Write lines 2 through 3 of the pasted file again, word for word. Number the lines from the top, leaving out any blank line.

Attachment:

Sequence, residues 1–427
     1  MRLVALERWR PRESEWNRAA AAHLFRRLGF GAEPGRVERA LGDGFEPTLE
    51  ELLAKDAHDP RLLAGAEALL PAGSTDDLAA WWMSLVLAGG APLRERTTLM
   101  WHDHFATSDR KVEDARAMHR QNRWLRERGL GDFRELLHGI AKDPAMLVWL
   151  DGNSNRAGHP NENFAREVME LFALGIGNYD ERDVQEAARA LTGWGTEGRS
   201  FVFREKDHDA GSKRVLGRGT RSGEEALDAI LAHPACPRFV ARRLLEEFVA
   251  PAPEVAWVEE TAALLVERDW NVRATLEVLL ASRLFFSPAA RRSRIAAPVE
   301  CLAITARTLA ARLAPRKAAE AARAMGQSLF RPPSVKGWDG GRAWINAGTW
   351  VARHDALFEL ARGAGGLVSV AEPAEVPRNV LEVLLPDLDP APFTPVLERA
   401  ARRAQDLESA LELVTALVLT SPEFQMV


     1  MRLVALERWR PRESEWNRAA AAHLFRRLGF GAEPGRVERA LGDGFEPTLE
    51  ELLAKDAHDP RLLAGAEALL PAGSTDDLAA WWMSLVLAGG APLRERTTLM